In Hebrews 11, at the end of the Hall of Faith, we get a short list:

And what more shall I say? For time would fail me to tell of Gideon, Barak, Samson, Jephthah, of David and Samuel and the prophets—Hebrews 11:32 (ESV)

This list resembles a list of Judges in Samuel:

And the LORD sent Jerubbaal and Barak and Jephthah and Samuel and delivered you out of the hand of your enemies on every side, and you lived in safety.—1st Samuel 12:11 (ESV)

When you know that Jerubbaal = Gideon and that the list in Samuel was intended to show that a king was superfluous to God's plan, which is why he excluded David, the lists are even closer. Finally, we know that Samson was present in the list of 1st Samuel 12:11 as rendered by the Targum (Aramaic) and Peshitta (Syriac).

Is it legitimate to:

  1. Assume the author of Hebrews is quoting Samuel's list,
  2. Find the intersection of versions of the list that best cover what is found in Hebrews 11:32, and
  3. Presume that the author of Hebrews was familiar with the languages that are represented by that set?

If so, what are the languages?

  • 3
    The context of I Sam 12:11 is the time of the kingdom of Saul, so David is not yet in the list. Commented Sep 15, 2012 at 21:06

1 Answer 1


I Sam 12:11 in 4QSam Frg.d has only the word "Jerubal", the rest of the verse is missing.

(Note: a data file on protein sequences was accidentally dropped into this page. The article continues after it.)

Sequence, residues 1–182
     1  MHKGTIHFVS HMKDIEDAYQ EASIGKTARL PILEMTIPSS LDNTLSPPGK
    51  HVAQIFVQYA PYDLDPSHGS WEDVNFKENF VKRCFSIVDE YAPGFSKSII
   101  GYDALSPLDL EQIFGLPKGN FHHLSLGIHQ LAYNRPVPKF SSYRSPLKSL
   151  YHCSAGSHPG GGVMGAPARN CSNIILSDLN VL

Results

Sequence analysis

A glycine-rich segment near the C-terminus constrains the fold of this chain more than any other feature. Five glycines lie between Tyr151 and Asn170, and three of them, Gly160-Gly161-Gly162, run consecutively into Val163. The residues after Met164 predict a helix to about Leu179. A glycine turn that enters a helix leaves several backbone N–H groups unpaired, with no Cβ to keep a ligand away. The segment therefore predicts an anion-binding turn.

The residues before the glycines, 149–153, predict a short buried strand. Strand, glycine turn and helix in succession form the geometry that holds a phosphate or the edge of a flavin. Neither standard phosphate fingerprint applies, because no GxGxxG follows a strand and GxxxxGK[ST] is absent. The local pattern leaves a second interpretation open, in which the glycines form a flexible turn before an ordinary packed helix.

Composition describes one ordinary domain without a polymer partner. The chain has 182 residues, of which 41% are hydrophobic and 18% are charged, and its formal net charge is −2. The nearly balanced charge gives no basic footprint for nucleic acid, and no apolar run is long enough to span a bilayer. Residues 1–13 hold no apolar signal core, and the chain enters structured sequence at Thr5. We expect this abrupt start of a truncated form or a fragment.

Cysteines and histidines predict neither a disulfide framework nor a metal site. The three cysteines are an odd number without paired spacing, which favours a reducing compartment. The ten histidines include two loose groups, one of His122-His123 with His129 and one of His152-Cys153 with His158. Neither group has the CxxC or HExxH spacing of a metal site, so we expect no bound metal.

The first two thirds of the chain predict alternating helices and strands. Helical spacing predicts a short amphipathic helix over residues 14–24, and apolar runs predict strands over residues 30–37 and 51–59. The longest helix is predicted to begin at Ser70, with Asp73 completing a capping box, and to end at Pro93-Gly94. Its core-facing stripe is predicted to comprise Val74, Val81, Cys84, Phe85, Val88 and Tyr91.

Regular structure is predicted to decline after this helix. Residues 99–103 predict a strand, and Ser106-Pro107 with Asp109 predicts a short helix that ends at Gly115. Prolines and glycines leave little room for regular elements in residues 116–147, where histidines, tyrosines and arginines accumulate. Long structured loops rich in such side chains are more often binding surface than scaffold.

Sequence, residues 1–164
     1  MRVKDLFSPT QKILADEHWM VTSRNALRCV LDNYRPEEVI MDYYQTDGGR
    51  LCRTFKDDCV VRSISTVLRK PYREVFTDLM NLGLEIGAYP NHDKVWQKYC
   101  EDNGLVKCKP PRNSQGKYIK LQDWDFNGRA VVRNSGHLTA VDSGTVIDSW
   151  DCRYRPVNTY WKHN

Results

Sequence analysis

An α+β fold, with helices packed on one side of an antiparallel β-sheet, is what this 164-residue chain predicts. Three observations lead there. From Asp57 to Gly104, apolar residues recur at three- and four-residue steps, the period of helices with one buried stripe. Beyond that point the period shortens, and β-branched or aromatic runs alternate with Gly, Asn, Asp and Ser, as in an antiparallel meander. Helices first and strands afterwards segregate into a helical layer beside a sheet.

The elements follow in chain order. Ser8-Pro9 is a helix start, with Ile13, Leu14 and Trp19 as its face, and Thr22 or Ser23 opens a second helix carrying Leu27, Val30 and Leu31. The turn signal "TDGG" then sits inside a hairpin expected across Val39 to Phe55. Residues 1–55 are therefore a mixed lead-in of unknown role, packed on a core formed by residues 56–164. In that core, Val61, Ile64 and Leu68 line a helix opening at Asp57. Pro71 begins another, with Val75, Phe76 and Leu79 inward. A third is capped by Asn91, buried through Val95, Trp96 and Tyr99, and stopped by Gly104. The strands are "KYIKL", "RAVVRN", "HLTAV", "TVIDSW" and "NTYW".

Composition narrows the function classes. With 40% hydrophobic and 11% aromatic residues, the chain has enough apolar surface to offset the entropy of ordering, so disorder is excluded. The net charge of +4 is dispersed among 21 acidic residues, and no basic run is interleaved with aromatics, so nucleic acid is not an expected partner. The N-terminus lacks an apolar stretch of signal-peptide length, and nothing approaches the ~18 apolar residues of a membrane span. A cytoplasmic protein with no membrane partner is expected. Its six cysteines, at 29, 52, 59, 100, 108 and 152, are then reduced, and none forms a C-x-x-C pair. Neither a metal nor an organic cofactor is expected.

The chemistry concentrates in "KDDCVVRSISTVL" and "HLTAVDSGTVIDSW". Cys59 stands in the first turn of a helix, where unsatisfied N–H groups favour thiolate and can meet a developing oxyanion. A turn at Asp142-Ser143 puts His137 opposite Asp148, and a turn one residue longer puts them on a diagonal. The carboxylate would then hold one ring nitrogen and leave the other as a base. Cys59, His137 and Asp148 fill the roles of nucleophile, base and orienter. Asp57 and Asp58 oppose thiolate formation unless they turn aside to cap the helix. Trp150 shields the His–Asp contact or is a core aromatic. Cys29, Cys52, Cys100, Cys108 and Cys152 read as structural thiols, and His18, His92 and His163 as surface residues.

Leningrad and Allepo have "...Jerubbaal and Bedan and Jephthah and Samuel...", same in Brenton's English LXX.

RASHI says Bedan is Samson as he was "in [the tribe of] Dan" ("b'Dan") or "of the tribe of Dan" ("ben Dan").

The targum has "...Gideon and Samson and Jephtah and Samuel.."

The Pshita apparently has "..Deborah and Barak..." instead of "Bedan".

Josephus drops "Bedan" entirely.

Nothing particularly pertinent in the Midrash other than as brought by RASHI above.

The English translations reading "Barak" instead of "Bedan" probably read the dalet in "Bedan" as a malformed resh and the nun sofit as a malformed quf.

NT Hebrews 11 recaps Israelite history from the view of faith, culminating in the list in 11:32, which appears to be a conflation as it apparently includes both Samson and Barak and also David. This probably does not represent a direct quote from any version of Samuel but is the authors own list of charismatic leaders drawn from his knowledge of the tradition, irrespective of literacy, to support his argument.

Varying formulations of commemorative lists of God's acts and charismatic leaders are typical exhoratives to faith, as in Psalms 78, 99 and 136 and externally, the Hagadah of Passover, particularly the Maggid section.

Interesting that Hebrews 11 stops with David and does not mention later charismatics such as Esther, Mordechai, Daniel, Judith or the Maccabees, alluding to them only indirectly by their tribulations in verses 34 through 37. This might indicate a Saducee sympathy or might indicate that at that time the books associated with these charismatics were not fully canonical as were the earlier prophets.

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